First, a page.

Antipyrexial drugs: such as Paracetamol, to alleviate fever.
Bronchodilators: To dilate or relax the muscles on the airways.
Steroids: To reduce the inflammation in the lungs.
Mucolytics: To help break down mucus and facilitate its clearance from the lungs.
|Elevate the head of the bed and assist the patient to assume semi-Fowler’s position||Head elevation and proper positioning help improve the expansion of the lungs, enabling the patient to breathe more effectively.|
Nursing Diagnosis: Risk for Spread of Infection related to disease transmission of tuberculosis
Desired outcome: The patient will have a lower risk of spreading the tuberculosis infection through the use of techniques and interventions to reduce disease transmission.
|Identify members of the household or people who are in close contact with the patient. Encourage testing for tuberculosis.||To identify if anyone who has been in close contact with the patient at home, school, or work has been infected.|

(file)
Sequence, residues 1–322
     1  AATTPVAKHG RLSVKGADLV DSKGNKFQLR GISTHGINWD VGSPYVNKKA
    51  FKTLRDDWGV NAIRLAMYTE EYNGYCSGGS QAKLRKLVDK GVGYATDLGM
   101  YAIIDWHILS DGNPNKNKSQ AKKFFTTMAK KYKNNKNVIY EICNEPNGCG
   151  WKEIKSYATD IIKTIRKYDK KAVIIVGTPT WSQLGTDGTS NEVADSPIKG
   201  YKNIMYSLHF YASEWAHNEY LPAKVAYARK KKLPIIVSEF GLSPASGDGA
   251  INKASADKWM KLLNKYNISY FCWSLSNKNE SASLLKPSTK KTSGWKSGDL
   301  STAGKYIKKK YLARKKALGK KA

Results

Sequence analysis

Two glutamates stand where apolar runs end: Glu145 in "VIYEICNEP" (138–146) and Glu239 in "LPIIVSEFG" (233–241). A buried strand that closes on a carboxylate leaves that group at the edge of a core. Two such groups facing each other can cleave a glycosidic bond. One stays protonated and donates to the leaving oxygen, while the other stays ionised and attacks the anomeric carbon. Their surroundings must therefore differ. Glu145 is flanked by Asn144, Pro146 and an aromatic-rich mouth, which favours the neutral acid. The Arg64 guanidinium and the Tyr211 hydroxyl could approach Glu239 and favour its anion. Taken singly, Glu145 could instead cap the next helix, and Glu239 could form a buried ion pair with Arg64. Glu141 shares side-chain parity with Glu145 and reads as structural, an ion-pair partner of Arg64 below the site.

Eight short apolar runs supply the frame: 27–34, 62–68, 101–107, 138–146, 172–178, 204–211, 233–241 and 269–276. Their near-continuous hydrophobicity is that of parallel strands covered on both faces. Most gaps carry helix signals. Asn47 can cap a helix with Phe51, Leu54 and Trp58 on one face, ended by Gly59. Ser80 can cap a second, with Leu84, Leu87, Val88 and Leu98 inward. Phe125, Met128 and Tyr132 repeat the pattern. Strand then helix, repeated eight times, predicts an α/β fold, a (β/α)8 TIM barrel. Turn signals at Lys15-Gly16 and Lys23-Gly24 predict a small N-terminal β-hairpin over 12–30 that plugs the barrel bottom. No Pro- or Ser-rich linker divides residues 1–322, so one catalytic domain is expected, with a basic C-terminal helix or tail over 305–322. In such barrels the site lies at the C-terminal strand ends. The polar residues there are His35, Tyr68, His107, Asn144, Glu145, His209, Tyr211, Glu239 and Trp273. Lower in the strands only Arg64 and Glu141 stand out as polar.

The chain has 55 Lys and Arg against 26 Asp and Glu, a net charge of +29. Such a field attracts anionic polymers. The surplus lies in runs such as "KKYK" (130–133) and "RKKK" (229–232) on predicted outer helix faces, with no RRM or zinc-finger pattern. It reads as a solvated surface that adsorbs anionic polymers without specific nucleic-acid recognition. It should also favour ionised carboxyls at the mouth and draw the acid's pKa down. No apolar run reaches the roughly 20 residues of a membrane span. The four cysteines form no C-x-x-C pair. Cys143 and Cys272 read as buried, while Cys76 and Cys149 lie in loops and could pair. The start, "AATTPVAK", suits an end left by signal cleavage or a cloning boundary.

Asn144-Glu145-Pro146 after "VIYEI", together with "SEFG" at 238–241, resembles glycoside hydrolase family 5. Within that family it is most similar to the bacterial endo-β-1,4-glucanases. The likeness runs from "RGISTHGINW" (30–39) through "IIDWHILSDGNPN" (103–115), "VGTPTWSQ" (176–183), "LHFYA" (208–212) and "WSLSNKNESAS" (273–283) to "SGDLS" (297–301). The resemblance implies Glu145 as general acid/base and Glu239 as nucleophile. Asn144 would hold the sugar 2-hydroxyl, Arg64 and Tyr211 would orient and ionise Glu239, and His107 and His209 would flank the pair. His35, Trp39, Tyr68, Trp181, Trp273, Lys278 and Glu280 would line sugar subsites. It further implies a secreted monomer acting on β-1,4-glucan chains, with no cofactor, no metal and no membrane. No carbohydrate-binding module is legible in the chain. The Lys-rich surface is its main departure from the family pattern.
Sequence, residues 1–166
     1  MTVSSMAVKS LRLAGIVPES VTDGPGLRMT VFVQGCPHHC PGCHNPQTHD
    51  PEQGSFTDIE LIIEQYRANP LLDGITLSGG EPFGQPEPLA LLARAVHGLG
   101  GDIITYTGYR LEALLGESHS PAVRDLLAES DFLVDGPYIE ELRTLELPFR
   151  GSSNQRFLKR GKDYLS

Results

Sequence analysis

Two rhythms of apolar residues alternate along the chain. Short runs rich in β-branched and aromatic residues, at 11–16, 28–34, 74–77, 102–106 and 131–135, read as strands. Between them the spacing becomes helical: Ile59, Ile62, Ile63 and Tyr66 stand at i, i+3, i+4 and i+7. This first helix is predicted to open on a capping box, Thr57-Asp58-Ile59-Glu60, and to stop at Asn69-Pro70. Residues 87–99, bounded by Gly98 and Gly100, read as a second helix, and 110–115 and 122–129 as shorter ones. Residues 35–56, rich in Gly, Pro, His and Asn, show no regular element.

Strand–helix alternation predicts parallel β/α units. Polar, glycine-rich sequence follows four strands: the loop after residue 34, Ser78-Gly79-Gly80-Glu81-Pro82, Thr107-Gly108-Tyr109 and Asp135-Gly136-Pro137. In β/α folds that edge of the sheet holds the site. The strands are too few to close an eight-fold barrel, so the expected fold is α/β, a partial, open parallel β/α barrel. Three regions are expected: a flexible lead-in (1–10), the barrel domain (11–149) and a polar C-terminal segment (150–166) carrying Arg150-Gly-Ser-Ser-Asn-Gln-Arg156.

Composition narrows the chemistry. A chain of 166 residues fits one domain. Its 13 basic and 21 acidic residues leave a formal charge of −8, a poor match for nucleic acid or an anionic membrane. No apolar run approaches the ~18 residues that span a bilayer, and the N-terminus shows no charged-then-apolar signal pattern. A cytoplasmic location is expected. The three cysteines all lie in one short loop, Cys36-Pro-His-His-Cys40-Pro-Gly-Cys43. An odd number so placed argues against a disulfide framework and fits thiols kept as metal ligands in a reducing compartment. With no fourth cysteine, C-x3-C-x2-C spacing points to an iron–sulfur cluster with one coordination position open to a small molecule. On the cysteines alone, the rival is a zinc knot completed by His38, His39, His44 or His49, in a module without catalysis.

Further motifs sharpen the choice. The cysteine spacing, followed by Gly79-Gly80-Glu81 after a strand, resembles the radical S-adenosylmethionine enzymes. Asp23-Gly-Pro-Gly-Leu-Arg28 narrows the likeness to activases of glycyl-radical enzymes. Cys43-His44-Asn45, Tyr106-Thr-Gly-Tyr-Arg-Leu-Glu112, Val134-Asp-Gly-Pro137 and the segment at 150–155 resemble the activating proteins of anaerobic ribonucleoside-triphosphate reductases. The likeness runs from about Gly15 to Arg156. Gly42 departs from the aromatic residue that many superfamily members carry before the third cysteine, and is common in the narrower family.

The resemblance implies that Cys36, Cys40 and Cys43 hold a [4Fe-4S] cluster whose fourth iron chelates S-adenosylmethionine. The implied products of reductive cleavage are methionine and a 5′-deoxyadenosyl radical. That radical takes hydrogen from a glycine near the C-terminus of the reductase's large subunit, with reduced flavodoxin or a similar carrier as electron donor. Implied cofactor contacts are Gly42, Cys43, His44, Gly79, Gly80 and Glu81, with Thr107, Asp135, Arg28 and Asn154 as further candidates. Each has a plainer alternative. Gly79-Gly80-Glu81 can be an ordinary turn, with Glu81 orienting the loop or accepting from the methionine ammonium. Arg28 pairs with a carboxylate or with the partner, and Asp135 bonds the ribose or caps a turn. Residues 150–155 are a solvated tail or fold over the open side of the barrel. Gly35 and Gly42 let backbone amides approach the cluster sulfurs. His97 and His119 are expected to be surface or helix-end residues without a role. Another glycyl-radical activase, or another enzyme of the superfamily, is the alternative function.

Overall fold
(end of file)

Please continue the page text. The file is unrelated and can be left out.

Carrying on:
|Teach the patient to cough in a tissue and throw it away immediately, as well as to perform frequent handwashing and to wear a facial mask.||To reduce the risk of spreading the tubercle bacteria.|
|Consider isolating the patient in an airborne infection isolation room during active stages of tuberculosis.||To reduce the risk of spreading the infection in the hospital wards or in the community.|
|Facilitate Directly Observed Therapy (DOT).||Facilitate Directly Observed Therapy (DOT). To ensure that the patient is compliant with the administration of TB drugs.|
Other possible nursing diagnoses:
• Imbalanced Nutrition Less than Body Requirements
• Impaired Gas Exchanged
• Deficient Knowledge